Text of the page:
Most expect that getting an MBA is a good move that will advance their careers and increase their income quickly.
But do students have realistic expectations about getting an MBA? And how do expectations compare to real life experiences of going through an MBA program?
MBA Expectations Regarding Student Life
Most students think that MBA programs will be challenging and require a lot of work. After all, you are getting a world-class business education in just two years.
However, some students still underestimate the pressure that MBAs require. Students often have to manage multiple projects and might have to cut back on sleep to get things done on time.
Another factor students sometimes underestimate is the amount of competition in MBA schools. As undergraduates, many students are used to getting straight A’s and being top of their class.
But due to the tough requirements of top MBA programs, many of your classmates were also top of their class. Students may find that they are just average and that being a top performer is no longer easy due to the competition.
Some Industries and Positions Don’t Require MBAs
Some students might think that an MBA will be their ticket to a higher paying management position in their field. However, not all businesses look for an MBA and some companies may not give an MBA any extra weight when it comes to hiring decisions.
Furthermore, some companies might prefer candidates with other degrees, especially if their business is technical in nature. It would be difficult to perform well as a manager or executive in a computer programming company if you don’t know how to code, for instance. In these cases, someone with coding experience or a graduate level computer programming degree might be seen as more qualified than someone with an MBA.
Your MBA May Not be Enough to Get the Job
A lot of students expect that once they graduate with an MBA, they will be able to quickly find a high-paying job with a prestigious company. However, an MBA is not enough to get the job.
Businesses also look for a variety of soft skills and sometimes technical knowledge before they will hire someone for a position. Some of those skills include:
- Ability to work well with others – A successful leader should be able to work with a variety of other people. Be prepared to show potential employers that you have this skill by talking about times when you worked with other individuals that might not have gotten along and how you resolved such situations.
- Ability to manage time and resources – As a business manager and leader, you will need to be able to manage time and resources effectively. You will need to be able to prioritize tasks because you may face situations in which you have too much work to complete and must make decisions on which is more urgent. In fact, according to a survey by the Financial Times, employers stated that strong time management skills were the most difficult skill to find in applicants.
- Being able to see the big picture in business – Businesses don’t want to just hire people that can do what is required, what is taught. They want to find business leaders who understand the company’s big goals and can be proactive it helping them reach those goals.
- Being able to network with others – Many people view business school as a great place to build a powerful network of people. However, MBA students will still have to put time and effort into building their networks. Being able to show potential employers that you have this skill could give you an advantage when interviewing for work.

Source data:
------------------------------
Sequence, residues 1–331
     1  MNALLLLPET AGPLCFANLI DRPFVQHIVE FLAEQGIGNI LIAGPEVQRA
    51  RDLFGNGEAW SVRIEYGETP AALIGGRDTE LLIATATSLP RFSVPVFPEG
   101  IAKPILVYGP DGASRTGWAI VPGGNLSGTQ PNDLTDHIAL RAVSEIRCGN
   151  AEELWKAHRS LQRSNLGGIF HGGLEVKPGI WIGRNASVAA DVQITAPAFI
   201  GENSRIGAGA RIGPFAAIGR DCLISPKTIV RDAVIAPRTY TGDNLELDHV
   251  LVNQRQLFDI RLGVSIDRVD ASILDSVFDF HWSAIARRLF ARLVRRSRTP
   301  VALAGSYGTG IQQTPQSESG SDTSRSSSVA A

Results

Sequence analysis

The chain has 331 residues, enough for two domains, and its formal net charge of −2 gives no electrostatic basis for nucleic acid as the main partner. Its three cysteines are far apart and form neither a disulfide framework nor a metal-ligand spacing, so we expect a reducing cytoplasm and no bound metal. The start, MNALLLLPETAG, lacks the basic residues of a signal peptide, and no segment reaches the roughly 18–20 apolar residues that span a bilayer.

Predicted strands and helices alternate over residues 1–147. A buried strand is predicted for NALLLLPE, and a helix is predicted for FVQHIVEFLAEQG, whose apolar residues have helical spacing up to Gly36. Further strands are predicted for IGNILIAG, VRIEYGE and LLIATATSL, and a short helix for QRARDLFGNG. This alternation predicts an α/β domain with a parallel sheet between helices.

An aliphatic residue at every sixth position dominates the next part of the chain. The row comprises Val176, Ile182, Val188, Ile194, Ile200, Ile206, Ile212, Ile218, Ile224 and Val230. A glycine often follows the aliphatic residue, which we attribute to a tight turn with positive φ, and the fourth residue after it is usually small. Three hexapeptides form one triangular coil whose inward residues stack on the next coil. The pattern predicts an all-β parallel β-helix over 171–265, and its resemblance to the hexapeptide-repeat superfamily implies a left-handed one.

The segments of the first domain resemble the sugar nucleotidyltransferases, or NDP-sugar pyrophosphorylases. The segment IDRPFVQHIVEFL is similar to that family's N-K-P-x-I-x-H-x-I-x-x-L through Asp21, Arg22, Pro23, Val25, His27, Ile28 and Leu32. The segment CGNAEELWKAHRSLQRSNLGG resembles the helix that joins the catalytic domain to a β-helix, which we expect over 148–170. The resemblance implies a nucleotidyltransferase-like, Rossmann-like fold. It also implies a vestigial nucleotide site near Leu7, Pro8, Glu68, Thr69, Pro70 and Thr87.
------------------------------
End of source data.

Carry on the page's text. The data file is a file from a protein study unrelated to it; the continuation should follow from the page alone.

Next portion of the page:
- Problem-solving abilities – Having the ability to solve difficult problems is another skill that employers look for. A good MBA program might help you become a better problem solver, but real life business problems may be different than theoretical problems you might be solving in the classroom. If you have past work experience that you can use to show that you are a strong problem solver, then perhaps you can use that experience to your advantage.
In addition to your MBA, you need to be able to demonstrate to potential employers that you also have a variety of soft skills.
To prepare for job interviews, think about times when you encountered problems in the above areas and solved them. And if you are still a student, spend some time building your network and working on other extra-curricular activities to develop these skills.
MBA Salary Expectations
MBA News conducted a survey of 250 MBA students and found that only 5% of students expected a salary increase less than 20%, and 18% of students expected an increase of over 100% in salary over the next five years.
According to a study by the Financial Times, the average salary is $142,000 for MBA graduates three years after graduating. On average, people who got an MBA more than doubled their pre-MBA salaries.
However, salaries can depend on a variety of factors including the amount of previous work experience, gender, location, and the economy at the time of graduation. After the financial crisis in 2008 and until 2014, the average MBA salary increased by only 4% per year, while the average cost of an MBA increased by 44% in that time frame.
A PayScale survey of over 100,000 MBA graduates shows that while $85,000 is the average starting salary, salaries can vary based on position and experience as well. An HR manager with little work experience might start as low as $48,000 a year while an experienced project or marketing manager can earn over $110,000 initially.
Overall, getting an MBA seems to provide a positive long-term ROI. However, students should research the salaries in their industry and take their work experience and other factors into consideration before pursuing an MBA.